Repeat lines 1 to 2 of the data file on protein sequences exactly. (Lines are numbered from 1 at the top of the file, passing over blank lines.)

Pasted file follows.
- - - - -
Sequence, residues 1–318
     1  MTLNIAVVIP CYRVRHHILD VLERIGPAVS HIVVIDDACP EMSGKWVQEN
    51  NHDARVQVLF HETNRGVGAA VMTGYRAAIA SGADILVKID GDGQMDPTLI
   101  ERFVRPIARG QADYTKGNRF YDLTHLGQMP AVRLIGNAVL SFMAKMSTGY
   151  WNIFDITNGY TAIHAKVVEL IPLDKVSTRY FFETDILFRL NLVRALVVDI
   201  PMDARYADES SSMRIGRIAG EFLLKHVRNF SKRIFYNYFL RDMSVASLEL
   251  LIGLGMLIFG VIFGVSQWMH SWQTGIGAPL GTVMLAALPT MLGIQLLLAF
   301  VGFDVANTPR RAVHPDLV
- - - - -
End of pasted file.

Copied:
Sequence, residues 1–318
     1  MTLNIAVVIP CYRVRHHILD VLERIGPAVS HIVVIDDACP EMSGKWVQEN